US set to test missiles as arms control treaty dies
The US plans to start testing cruise and ballistic missiles banned by a landmark Cold War treaty with Russia, which lapsed on Friday, as early this month, fuelling fears of a renewed arms race. The US also said future arms control negotiations should include China.
The Intermediate-range Nuclear Forces (INF) Treaty was signed in 1987 by the US and Russia (then Soviet Union).
The Pentagon will start testing a ground-based version of the navy’s Tomahawk cruise missiles later this month, and a ballistic missile is being developed for the army.
The New York Times reported that the new generation of these missiles will be deployed to counter China.
“Russia refused (to comply), so the treaty ends today,” US secretary of state Mike Pompeo tweeted on Friday. “The US will not remain party to a treaty when others violate it. Russia bears sole responsibility.”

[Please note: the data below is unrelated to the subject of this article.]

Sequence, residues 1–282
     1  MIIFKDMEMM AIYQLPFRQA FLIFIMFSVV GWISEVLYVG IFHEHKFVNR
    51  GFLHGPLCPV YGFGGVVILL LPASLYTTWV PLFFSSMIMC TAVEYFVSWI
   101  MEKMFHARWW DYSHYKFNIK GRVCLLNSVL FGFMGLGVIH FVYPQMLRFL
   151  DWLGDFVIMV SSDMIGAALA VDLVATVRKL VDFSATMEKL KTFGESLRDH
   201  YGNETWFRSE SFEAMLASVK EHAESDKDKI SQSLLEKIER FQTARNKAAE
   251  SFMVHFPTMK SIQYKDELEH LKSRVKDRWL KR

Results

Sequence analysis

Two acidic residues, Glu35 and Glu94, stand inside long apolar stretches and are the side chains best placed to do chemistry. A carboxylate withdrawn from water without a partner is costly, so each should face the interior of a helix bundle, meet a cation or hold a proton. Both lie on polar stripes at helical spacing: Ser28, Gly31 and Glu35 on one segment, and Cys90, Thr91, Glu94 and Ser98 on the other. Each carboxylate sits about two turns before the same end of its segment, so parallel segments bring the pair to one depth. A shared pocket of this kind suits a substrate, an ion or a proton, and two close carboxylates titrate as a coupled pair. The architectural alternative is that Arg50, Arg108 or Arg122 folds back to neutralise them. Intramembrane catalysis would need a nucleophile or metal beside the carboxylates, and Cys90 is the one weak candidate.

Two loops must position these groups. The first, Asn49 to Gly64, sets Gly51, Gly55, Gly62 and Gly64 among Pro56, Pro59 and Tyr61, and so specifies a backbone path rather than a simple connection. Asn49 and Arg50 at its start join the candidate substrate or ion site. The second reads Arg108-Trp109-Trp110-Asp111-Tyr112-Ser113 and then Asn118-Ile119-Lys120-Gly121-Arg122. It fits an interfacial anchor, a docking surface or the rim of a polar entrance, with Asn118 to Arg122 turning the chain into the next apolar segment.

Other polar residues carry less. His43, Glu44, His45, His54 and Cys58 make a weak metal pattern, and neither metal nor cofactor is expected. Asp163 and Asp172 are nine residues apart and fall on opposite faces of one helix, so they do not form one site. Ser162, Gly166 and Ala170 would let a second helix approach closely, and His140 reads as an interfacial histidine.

NATO secretary-general Jens Stoltenberg also blamed Russia. “We regret that Russia showed no willingness and took no steps to comply with its international obligations,” he told reporters.
The US wants to rope in China in view of its growing arsenal of missiles. “Going forward, the US calls upon Russia and China to join us in this opportunity to deliver real security results to our nations and the entire world,” Pompeo said.
But Beijing is not inclined. “China’s ministry of national defence essentially laughed at the idea of a three-way deal on arms control involving the US and Russia,” Zhou Bo, a member of the PLA academy of military sciences, wrote in the Wall Street Journal on Thursday.
Just to make matters worse between the two countries, Washington also announced fresh sanctions on Moscow over the poisoning of former Russian spy Sergei Skripal.